A piece of postal stationery is an envelope, letter sheet, or postal card with an amount of postage preprinted on it, at the postcard rate for postcards, and (usually) at the domestic first-class rate for letter sheets and envelopes. In general, postal stationery is handled similarly to postage stamps; sold from post offices and so forth.

The envelope form may also be called a stamped envelope.

Postal services of some countries also offer a form of letter sheet called an aerogramme consisting of a blank sheet of paper with folding instructions and adhesive flaps that becomes its own envelope, and carries prepaid postage at the international airmail letter rate.

The first official postal stationery is the Mulready stationery that was issued by Great Britain at the same time as the Penny Black in 1840. Since then, most postal services have issued a steady stream of stationery alongside stamps; oftentimes the design of the stationery mimics the contemporaneous stamps, though with less variety and lower printing quality, due to the limitations of printing directly onto the envelope.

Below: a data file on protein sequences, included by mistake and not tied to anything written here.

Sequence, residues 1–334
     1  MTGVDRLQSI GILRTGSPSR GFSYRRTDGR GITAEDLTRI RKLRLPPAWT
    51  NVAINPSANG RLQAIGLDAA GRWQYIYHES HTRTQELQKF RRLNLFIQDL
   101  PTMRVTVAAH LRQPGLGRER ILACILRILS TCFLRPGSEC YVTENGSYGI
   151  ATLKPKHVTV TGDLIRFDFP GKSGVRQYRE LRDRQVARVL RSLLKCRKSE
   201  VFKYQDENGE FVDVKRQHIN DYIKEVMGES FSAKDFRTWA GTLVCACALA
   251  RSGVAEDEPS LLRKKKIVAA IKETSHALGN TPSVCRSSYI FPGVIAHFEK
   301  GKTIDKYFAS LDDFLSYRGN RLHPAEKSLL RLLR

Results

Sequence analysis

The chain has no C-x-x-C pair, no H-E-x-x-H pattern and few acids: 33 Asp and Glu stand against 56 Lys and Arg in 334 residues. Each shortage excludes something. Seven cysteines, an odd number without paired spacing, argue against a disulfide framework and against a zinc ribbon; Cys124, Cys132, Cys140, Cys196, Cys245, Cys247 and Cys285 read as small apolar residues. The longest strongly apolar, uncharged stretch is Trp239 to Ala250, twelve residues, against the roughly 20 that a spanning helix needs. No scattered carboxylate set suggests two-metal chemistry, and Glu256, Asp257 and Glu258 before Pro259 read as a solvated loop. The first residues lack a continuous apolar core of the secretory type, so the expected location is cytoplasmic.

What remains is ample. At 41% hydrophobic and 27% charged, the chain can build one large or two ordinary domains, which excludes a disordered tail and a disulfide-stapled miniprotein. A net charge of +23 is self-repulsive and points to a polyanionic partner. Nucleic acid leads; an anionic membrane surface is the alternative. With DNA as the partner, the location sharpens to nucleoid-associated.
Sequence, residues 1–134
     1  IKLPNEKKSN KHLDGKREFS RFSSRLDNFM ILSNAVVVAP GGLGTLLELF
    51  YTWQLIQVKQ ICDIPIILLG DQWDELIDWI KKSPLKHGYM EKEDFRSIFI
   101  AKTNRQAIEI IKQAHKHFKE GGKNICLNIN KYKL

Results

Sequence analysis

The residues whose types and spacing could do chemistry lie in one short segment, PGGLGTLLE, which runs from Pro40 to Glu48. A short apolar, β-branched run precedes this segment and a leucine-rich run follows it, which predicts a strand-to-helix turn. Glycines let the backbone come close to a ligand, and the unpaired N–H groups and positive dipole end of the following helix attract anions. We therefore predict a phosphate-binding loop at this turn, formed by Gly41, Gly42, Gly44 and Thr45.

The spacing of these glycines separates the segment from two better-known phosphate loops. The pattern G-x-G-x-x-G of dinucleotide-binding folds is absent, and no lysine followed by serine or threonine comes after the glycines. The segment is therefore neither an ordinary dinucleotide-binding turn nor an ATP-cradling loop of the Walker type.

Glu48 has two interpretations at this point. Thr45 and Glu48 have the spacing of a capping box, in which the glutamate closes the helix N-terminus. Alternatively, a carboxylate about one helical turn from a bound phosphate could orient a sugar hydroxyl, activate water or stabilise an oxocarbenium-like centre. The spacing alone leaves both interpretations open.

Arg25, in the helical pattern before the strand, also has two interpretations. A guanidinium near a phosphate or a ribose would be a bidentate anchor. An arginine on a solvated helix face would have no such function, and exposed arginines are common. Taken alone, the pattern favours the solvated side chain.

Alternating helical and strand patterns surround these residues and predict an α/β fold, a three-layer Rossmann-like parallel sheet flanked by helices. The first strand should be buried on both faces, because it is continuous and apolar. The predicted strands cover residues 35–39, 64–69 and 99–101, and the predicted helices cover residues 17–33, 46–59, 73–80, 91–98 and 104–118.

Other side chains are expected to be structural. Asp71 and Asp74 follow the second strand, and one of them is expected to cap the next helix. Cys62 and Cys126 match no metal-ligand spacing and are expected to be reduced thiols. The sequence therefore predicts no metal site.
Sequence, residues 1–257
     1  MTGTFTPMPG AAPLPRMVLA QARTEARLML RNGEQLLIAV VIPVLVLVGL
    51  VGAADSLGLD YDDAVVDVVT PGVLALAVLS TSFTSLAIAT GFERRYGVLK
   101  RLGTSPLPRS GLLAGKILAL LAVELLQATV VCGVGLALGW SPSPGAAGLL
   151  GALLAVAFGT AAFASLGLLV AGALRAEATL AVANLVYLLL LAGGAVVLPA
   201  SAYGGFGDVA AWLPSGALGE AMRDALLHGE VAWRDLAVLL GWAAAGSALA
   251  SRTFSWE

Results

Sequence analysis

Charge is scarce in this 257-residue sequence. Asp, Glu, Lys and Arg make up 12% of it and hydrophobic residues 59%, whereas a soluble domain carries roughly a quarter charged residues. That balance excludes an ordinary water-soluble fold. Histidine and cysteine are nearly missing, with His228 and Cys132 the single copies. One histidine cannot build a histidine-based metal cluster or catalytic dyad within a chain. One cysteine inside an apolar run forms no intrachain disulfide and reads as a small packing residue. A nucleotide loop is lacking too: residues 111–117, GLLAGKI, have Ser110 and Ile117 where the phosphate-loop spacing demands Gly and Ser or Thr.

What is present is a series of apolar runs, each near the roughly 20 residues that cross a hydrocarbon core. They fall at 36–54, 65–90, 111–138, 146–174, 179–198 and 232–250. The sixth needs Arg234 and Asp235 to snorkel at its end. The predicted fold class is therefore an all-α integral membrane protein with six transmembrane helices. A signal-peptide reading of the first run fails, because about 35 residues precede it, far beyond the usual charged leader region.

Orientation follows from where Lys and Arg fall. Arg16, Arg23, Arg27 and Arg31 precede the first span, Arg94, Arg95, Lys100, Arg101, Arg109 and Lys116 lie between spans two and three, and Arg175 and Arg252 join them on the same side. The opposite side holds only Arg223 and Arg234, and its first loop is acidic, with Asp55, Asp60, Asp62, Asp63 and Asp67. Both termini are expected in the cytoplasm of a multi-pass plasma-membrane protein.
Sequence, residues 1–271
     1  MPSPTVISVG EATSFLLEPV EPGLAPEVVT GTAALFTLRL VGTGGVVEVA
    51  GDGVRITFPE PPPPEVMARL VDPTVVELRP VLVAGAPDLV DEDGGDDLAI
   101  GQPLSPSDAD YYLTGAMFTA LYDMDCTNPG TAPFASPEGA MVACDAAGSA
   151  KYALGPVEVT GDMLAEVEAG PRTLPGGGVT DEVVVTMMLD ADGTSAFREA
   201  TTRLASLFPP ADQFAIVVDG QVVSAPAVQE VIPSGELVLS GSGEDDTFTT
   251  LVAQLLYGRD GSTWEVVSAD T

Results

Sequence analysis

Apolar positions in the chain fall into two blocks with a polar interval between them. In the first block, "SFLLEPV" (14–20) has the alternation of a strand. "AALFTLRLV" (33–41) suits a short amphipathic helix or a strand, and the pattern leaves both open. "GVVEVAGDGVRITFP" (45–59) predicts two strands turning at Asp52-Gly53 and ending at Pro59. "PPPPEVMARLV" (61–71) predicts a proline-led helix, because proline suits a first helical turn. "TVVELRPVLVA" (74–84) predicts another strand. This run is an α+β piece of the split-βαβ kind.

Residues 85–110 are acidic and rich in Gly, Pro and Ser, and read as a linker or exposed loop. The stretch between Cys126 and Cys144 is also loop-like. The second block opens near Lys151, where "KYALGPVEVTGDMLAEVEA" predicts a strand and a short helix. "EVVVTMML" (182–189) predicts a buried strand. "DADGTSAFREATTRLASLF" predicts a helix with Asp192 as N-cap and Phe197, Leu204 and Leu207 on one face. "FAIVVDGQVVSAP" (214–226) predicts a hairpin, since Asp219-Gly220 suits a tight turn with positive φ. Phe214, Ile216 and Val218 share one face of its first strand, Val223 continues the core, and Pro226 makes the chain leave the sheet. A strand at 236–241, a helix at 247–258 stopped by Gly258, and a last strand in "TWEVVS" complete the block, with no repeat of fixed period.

In emergency situations, postal stationery has been produced by handstamping envelopes with modified cancelling devices; many of the rare Confederate postmasters' provisionals are of this form.

Although the Scott catalog includes a section for United States postal stationery, and many other country-specific stamp catalogs describe the stationery of their respective countries, the 19-volume Higgins and Gage World Postal Stationery Catalogue is a main reference for stationery worldwide.

See also: stationery

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